Araucaria is a genus of evergreen coniferous trees in the family Araucariaceae. There are 19 species in the genus, with a scattered distribution in the southern continents. They are found in New Caledonia (where 13 species are endemic), Norfolk Island, eastern Australia, New Guinea, Argentina, Chile, and southern Brazil.
The present populations are relicts, and of restricted distribution. They are found in forest and shrubland, in exposed sites. These tall trees are living fossils, dating back to early in the Mesozoic era.
Fossil records show that the genus also formerly occurred in the northern hemisphere until the end of the Cretaceous period. By far the greatest diversity exists in New Caledonia, due to the island's long isolation and stability.
Description[change | change source]
Araucaria are mainly large trees with a massive erect stem, reaching a height of 30–80 m (16–262 ft). The horizontal, spreading branches grow in whorls and are covered with leathery or needle-like leaves. In some species, the leaves are narrow and shaped like a lance, barely overlapping each other, in others they are broad and flat, and overlap broadly.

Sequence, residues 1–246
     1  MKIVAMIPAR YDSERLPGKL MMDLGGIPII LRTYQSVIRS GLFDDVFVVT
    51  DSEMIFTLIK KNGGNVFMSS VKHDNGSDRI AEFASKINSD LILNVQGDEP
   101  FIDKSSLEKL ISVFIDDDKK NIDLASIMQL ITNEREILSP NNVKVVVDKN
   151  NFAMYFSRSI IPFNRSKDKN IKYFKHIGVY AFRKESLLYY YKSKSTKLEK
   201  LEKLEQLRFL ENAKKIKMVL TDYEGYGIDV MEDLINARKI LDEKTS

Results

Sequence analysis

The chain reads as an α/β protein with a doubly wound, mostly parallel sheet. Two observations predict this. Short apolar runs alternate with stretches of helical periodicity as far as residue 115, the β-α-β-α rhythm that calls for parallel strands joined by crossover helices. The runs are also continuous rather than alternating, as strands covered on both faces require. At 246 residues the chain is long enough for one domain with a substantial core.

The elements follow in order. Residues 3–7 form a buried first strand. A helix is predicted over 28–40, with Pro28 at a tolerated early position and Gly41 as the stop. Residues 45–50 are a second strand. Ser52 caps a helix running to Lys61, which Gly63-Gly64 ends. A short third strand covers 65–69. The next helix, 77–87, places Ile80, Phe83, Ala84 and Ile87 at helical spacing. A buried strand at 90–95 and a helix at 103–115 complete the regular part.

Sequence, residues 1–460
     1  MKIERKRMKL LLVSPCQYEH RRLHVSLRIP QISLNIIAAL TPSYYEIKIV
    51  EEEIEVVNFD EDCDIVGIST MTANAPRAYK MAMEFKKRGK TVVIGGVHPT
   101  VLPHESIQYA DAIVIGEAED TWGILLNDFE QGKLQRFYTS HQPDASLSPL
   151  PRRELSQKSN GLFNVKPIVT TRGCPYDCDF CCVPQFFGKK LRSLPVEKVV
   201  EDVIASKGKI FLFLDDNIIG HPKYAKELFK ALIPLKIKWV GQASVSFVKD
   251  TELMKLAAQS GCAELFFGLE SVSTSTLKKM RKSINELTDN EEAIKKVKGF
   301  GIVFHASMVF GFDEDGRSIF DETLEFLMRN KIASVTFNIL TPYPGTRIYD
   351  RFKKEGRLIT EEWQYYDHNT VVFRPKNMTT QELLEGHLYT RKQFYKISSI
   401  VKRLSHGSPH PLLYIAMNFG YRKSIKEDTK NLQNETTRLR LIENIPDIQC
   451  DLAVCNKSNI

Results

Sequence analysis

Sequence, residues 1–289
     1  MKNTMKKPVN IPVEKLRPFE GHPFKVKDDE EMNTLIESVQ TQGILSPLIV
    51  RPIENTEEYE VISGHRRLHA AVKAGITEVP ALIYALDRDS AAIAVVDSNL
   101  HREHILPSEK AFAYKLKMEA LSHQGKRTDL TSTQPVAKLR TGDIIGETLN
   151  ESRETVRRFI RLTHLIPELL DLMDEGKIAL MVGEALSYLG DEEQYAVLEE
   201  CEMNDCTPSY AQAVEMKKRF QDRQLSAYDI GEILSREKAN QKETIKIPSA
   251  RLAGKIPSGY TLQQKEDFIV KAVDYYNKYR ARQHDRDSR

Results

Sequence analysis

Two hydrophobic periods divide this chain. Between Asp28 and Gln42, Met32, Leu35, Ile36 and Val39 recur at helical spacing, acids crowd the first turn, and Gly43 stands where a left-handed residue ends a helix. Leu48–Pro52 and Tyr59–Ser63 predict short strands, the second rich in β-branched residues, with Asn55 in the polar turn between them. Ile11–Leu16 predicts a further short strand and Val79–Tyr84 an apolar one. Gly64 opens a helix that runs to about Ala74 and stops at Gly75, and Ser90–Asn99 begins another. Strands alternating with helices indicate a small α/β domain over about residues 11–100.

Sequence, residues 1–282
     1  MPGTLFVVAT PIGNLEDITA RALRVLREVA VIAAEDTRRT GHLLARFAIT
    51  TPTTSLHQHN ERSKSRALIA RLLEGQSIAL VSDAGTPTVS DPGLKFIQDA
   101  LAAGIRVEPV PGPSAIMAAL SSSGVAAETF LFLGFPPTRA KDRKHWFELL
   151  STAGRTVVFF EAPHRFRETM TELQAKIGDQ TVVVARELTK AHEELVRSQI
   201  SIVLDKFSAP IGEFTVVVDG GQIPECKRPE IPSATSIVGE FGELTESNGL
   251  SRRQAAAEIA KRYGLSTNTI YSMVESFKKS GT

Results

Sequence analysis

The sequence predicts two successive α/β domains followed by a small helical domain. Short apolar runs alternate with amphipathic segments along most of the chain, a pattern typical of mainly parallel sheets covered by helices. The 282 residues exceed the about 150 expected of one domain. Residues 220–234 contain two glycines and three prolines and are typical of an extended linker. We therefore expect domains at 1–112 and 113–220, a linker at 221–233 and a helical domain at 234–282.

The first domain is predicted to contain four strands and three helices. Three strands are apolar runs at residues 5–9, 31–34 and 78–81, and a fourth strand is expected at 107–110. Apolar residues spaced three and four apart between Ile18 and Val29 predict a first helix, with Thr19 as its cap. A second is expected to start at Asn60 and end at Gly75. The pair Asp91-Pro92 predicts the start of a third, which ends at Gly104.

Aurucaria reproduces by seed cones.
Fossil record[change | change source]
The whole group was common in the Jurassic period. The living Araucaria araucana is often called the monkey-puzzle tree. The whole family Araucariaceae is often called that name by palaeobotanists. The leaves (shown here) have an average life of 24 years, and cover most of the tree except for the older branches.
References[change | change source]
- Lusk, Christopher H. (2001). "Leaf life spans of some conifers of the temperate forests of South America" (PDF). Revista Chilena de Historia Natural. 74 (3): 711–718. doi:10.4067/S0716-078X2001000300017. Retrieved 6 November 2017.